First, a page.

Despite the hype, patients' use of retail clinics is 'modest'
The number of patients who've tried out retail clinics turns out to be modest, say the authors of a study from the Center for Studying Health System Change. Only 3.4 million American families, or 2.3%, had used a retail clinic as of 2007, according to survey results. The study's authors noted that retail clinics have turned out to be more complex and costly to operate than expected, and some physician practices are responding by extending their own office hours and doing more same-day scheduling.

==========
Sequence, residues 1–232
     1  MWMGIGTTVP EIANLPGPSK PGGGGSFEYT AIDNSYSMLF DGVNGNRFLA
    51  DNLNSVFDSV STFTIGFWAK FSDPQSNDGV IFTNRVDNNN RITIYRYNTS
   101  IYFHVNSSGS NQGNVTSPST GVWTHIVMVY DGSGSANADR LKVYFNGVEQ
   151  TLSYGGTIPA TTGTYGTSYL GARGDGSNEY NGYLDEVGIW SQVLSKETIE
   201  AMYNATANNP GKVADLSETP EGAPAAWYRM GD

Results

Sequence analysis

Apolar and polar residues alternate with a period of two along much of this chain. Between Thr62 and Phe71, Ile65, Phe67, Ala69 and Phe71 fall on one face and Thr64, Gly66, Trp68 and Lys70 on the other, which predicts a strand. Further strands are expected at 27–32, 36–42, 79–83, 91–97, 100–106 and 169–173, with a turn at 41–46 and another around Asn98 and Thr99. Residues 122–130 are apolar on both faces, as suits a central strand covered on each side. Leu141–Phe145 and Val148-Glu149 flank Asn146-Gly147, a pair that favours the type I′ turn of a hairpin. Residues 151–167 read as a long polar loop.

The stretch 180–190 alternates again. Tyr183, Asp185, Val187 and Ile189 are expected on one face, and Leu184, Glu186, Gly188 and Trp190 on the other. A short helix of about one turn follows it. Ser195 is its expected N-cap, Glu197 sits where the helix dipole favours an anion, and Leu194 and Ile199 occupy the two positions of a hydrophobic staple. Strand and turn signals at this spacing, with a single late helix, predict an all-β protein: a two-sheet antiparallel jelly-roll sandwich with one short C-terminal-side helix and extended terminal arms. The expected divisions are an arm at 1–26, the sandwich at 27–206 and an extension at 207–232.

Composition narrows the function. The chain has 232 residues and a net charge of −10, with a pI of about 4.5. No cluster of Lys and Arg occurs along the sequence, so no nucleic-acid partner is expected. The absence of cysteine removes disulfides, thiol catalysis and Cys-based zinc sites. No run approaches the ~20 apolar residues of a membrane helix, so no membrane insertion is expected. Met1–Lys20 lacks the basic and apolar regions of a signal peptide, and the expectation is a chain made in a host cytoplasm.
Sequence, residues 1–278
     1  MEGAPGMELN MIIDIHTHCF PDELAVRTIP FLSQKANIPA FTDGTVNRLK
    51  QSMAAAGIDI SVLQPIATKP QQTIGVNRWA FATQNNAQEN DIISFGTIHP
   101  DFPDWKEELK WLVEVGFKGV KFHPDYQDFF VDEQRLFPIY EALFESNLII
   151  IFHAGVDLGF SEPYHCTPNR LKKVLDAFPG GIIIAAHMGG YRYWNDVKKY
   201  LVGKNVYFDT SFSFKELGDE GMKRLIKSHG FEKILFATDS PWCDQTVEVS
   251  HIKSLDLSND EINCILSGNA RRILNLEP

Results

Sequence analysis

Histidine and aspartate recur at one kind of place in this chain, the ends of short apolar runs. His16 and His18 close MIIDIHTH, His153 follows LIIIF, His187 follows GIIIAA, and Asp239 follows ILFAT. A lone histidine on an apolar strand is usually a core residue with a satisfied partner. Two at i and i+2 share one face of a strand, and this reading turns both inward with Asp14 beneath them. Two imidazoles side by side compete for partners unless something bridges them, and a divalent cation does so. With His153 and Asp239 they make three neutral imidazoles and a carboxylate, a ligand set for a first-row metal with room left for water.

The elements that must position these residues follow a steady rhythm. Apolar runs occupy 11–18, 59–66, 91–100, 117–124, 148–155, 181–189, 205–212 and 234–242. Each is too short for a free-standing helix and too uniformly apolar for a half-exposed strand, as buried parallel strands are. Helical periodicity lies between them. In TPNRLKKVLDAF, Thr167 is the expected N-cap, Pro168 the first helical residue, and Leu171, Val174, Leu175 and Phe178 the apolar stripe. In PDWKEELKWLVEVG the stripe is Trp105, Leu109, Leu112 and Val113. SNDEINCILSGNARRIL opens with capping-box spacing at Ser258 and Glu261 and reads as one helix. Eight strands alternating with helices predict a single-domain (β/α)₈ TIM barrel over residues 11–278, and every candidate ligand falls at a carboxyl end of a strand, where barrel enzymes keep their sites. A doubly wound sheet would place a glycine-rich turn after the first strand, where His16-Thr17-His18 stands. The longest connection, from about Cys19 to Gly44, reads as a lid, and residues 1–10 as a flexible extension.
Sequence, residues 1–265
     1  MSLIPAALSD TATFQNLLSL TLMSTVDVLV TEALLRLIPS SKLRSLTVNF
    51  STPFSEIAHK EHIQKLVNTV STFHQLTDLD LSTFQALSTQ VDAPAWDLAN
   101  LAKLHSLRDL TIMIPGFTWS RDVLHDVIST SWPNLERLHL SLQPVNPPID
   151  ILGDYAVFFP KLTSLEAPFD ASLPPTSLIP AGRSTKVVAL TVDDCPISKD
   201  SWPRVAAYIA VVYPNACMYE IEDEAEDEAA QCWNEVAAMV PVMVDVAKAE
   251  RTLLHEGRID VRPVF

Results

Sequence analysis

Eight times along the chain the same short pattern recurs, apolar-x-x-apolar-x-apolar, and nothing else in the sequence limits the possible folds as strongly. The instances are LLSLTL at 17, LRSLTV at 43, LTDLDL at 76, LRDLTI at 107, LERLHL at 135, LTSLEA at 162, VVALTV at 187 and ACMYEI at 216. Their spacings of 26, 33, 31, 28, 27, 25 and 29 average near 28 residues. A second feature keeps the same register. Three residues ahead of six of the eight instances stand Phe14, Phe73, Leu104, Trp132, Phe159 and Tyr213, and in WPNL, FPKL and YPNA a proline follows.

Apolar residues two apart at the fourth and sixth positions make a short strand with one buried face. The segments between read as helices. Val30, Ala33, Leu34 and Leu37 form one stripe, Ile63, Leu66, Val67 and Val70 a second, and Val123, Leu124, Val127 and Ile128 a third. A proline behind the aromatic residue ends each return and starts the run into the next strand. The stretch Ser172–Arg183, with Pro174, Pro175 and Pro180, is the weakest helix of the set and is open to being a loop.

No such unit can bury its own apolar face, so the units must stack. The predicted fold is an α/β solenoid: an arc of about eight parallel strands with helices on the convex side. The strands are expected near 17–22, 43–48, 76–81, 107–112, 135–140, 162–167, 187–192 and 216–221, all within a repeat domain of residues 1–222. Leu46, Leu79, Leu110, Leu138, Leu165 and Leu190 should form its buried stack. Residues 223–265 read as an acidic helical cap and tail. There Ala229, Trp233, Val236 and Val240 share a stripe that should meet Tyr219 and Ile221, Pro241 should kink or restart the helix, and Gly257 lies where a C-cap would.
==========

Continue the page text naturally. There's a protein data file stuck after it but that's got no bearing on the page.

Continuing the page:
- 'Kafkaesque' Value System Unfairly Penalizes Doctor Pay
- Proton Beam Therapy Poised for Growth in US
- mHealth Tackles Readmissions
- CNO Leads $1M Charge for New Scrubs, Uniforms
- 4 Crucial Tactics for Reining in Healthcare Cost
- Some Cancer Hospitals' Quality Data Will Soon Be Public
- How Digital Strategy Shapes Patient Engagement at Boston Children's Hospital
- How, and Why, to Recruit Male Nurses
- Half of All Primary Care, Internal Medicine Jobs Unfilled in 2013
- PA Ranks See 'Phenomenal Growth,' Lack of Diversity